The people should be told the truth about what has happened in the sugar industry

Dear Editor,

I would like to respond to the missive written by Mr Tej Singh in the Guyana Chronicle of February 2, 2009, captioned ‘Production shortfall in the sugar industry is climate related.’ This statement is far from the truth and whichever clique is pushing this statement is misleading the Guyanese public. It is unfortunate that such an important issue as sugar is being used by some of us to mislead when there is serious work to be done.  Let me put Mr Singh’s fears to rest – sugar is “all awe thing,” and not within the exclusive purview of some, and all patriotic Guyanese want to see sugar recover.  Our constructive criticism is not aimed at bringing sugar down but building sugar. When sugar decides to call on the Treasury and it will, all taxpayers have to fund the call so it is our business to concern ourselves with sugar.

Tej is correct in saying that it is the “prescribed duty of the Government is to make certain policies and decisions,” but with rights comes responsibilities.  The government has a responsibility to explain to the population (possibly in parliament) what has occurred in sugar since 2005 and what they are doing about it, since sugar belongs to the people of Guyana, not the government.  The government is only the caretaker and should know it has a responsibility to tell the real owners the full story.  Up to today, the full truth about sugar is not out in the open and if Kaieteur News had not broken excerpts of the real story, these massive abnormalities in Guysuco would have been kept a secret and the end result would have been worse.

Errors were made in Guysuco after the 2005 floods and we are reaping the benefits of those errors.  Bad decisions have resulted in bad performance.  Should we have chosen an Indian builder over a Chinese builder for the Skeldon factory? Did we do adequate husbandry in the fields?  Did we adequately maintain our factories?  The truthful answer to these three basic questions will point to the source of our problems today, and from that we can formulate our solutions.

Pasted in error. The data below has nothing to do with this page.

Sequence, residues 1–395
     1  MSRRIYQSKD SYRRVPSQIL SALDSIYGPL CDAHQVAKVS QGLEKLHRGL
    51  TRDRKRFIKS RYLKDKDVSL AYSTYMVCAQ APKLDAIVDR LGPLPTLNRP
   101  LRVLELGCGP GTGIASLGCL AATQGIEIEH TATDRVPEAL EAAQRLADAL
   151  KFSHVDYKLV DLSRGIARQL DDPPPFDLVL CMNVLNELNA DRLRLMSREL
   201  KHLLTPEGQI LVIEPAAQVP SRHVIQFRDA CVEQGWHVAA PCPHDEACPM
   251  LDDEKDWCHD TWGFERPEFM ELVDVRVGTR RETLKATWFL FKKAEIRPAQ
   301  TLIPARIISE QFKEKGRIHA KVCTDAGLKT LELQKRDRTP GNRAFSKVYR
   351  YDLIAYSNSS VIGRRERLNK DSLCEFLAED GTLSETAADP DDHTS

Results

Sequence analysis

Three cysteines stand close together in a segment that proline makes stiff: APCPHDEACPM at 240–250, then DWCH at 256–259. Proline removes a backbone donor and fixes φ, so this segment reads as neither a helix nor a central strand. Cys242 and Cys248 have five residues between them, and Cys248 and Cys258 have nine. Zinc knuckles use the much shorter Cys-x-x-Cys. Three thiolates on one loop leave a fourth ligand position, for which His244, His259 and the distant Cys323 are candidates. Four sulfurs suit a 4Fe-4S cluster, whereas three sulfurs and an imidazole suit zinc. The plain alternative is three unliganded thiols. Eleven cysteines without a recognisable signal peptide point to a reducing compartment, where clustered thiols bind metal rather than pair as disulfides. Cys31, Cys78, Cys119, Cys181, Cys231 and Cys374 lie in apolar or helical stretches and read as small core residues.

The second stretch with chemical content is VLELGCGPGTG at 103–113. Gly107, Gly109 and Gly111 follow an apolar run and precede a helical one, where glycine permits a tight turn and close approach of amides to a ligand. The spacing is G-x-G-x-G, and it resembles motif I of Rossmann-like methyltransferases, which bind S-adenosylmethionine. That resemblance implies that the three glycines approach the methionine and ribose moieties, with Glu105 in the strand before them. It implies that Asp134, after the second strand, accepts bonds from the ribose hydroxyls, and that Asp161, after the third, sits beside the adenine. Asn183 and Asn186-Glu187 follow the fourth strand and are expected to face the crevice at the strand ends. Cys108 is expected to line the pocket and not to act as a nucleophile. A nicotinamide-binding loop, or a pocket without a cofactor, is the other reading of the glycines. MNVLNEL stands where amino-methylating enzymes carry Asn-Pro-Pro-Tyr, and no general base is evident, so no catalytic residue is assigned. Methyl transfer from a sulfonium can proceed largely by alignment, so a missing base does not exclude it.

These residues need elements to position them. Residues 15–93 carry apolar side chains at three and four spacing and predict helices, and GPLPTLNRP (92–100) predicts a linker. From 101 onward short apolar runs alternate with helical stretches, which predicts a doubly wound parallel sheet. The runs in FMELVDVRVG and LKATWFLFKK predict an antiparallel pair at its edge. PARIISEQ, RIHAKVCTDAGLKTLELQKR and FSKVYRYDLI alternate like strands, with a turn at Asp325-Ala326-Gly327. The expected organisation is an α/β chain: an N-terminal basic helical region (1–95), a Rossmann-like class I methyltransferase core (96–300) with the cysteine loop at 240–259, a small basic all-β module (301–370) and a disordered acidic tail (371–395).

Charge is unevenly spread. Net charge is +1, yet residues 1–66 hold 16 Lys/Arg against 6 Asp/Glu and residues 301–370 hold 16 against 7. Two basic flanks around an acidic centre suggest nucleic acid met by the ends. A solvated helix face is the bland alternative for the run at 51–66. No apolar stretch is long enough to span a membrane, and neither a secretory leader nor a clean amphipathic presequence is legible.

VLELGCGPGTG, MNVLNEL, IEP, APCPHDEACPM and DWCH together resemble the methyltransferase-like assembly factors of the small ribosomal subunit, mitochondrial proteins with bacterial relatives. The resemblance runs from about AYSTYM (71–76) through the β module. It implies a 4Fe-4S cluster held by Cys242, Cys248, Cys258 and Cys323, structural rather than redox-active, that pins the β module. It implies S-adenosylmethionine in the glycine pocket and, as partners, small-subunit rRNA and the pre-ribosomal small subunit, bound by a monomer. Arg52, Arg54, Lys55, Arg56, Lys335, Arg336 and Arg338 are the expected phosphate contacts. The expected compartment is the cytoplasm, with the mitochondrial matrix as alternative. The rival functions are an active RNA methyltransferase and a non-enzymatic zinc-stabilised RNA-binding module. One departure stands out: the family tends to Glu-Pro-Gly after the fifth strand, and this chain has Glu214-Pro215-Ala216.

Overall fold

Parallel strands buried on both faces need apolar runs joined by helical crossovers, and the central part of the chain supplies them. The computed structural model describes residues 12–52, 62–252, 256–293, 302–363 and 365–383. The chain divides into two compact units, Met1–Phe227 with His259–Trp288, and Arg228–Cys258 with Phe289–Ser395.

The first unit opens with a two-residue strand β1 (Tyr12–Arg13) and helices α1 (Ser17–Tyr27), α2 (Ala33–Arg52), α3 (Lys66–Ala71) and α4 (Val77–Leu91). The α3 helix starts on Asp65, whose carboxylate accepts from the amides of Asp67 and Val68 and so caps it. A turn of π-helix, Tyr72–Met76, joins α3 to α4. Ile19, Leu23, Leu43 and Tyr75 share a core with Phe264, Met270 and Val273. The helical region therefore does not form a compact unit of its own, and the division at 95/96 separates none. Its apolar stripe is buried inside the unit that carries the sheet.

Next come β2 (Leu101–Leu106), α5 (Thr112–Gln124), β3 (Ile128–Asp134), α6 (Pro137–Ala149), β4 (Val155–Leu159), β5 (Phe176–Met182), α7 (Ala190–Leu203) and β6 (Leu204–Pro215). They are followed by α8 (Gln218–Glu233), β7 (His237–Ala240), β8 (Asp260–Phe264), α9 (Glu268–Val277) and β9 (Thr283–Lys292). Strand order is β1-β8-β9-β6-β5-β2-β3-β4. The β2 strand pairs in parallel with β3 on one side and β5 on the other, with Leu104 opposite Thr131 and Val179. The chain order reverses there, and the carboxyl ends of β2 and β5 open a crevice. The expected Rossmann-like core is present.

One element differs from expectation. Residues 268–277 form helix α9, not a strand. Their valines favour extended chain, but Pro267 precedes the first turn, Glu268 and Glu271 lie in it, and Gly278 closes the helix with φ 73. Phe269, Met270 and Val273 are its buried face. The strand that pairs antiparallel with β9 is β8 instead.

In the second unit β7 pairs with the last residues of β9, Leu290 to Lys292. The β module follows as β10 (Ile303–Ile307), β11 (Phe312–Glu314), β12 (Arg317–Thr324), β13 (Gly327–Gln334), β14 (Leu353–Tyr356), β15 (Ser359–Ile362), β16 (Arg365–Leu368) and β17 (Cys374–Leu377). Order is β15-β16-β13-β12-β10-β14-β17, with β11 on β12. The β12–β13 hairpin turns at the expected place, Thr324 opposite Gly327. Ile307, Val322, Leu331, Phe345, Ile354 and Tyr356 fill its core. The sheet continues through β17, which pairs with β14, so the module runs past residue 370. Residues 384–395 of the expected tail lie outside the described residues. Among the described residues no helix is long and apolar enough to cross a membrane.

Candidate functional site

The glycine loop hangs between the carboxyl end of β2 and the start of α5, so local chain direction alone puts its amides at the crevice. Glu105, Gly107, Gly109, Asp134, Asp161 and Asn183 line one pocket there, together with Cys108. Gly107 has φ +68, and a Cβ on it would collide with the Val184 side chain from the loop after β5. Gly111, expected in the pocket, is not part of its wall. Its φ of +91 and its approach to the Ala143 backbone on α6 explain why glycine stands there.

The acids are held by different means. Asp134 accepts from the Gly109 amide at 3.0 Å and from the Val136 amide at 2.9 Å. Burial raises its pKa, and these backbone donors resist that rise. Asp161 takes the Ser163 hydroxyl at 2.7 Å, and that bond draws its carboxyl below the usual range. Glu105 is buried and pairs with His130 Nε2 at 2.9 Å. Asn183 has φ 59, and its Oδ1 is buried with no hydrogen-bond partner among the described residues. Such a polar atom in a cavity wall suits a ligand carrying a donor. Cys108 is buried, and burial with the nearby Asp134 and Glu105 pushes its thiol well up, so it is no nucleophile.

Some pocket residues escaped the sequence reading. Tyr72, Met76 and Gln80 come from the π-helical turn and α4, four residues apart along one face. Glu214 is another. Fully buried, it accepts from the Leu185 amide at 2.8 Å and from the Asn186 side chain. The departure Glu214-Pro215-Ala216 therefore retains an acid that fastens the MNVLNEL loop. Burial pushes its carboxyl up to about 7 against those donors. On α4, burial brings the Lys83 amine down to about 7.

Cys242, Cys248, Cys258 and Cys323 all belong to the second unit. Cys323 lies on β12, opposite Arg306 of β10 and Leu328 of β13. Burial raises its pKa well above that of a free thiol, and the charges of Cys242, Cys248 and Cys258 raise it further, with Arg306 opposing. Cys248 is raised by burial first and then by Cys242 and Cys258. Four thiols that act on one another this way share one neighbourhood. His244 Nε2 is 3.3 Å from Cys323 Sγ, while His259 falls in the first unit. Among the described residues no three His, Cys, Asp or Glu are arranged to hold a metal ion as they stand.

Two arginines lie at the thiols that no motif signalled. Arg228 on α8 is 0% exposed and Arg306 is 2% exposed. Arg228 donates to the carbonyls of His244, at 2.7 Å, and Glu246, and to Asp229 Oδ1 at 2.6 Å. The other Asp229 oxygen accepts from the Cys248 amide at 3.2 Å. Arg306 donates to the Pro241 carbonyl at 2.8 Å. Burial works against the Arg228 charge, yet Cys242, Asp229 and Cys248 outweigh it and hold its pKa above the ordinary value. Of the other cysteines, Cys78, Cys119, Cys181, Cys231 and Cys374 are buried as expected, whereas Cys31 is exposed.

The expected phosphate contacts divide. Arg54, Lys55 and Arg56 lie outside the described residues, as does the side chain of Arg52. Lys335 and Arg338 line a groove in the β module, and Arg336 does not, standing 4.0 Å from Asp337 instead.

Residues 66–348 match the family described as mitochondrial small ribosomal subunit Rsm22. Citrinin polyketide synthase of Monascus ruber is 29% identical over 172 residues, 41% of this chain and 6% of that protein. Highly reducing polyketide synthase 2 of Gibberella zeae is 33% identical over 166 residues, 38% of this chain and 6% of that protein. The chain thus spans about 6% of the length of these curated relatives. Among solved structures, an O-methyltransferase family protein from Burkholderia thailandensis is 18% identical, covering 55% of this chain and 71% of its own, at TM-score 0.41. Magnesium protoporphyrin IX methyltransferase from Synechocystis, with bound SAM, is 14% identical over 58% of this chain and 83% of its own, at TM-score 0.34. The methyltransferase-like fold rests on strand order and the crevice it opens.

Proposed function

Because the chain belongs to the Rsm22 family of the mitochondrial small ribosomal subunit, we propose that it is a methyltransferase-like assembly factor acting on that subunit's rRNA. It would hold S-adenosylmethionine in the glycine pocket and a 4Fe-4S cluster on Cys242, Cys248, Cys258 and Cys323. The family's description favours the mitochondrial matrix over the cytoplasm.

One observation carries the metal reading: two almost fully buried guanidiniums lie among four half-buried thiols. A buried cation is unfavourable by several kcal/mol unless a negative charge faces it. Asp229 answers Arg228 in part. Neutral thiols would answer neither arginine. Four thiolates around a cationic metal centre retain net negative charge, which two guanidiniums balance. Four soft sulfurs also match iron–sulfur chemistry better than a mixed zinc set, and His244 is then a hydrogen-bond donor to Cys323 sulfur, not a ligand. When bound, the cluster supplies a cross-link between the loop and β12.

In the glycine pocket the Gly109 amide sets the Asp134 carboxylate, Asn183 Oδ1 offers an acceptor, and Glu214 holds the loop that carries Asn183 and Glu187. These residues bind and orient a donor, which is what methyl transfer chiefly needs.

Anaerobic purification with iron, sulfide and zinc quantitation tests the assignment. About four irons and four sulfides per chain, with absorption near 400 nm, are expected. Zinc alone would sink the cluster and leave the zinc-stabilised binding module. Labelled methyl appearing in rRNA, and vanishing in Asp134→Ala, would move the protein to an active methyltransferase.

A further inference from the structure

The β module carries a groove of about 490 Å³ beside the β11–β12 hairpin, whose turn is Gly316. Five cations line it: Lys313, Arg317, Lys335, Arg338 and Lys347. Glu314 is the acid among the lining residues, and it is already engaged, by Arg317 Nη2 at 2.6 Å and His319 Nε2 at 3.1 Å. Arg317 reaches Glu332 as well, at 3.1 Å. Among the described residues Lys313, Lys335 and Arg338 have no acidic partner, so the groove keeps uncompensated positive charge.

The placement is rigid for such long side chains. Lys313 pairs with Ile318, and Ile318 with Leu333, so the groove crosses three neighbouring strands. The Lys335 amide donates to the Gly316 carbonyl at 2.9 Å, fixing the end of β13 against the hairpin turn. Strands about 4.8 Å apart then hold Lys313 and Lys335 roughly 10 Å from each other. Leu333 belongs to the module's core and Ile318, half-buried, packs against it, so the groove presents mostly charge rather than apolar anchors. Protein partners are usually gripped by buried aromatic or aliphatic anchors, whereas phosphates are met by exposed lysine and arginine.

It is not too late to save Guysuco, but those in control at the corporation must engage the people with the full truth, weed out the negligence and waste, and more effectively manage the Chinese builders at Skeldon, and Guysuco will recover.  I have no evidence of corruption at Guysuco, but if it is a danger to the company then it must be minimised.  The new board owes it to the people of Guyana to drop the hatchet whenever necessary to preserve the good thing and wipe out the evil in the company.  If this is done, good will follow.

The recent importation of sugar from Guatemala makes very good economic sense at this point in time.  However, Mr Singh must appreciate that importing sugar into Guyana is perceived as a disgrace.  When Hoyte did it in the early ’90s it was perceived as a disgrace then, and under the Jagdeo administration in 2009 it remains so. Guyana should be able to supply the EU and American markets and still have enough for the home market. It is an effort in futility to argue otherwise. What is clear is that after the 2005 floods, Guysuco’s management was negligent in their agronomical practices, they were negligent about their factory maintenance programme, they did not work as a team with the Chinese at Skeldon, and they were negligent in their reports to the board.  The board on the other hand should have had intelligence gathered from their foot soldiers (the ordinary field and factory hands) on the state of affairs in the fields and factories.  The board should have taken action on that intelligence, because I am convinced that the sugar workers would have told GAWU what was going on.  The facts are the board did too little, too late.  This is a good lesson in the art of management – always appoint the best to the board (and the old Guysuco board had some of the best agricultural and strategic minds in Guyana – Dr Permaul, Donald Ramotar, Komal Chand), always empower the board to ask the hard questions and take the hard decisions since anything else is a disaster in waiting. Trying to micro-manage all and sundry will buttress those with egos but will certainly lead to the impoverishment of the masses.

I know the capability of men like Dr Gopaul and Mr Ramotar.  We must give them the mandate to act regardless of the consequences and believe me, Guysuco will turn around.  Any attempt at interference in their work will just have detrimental consequences.

Yours faithfully,
Sasenarine Singh

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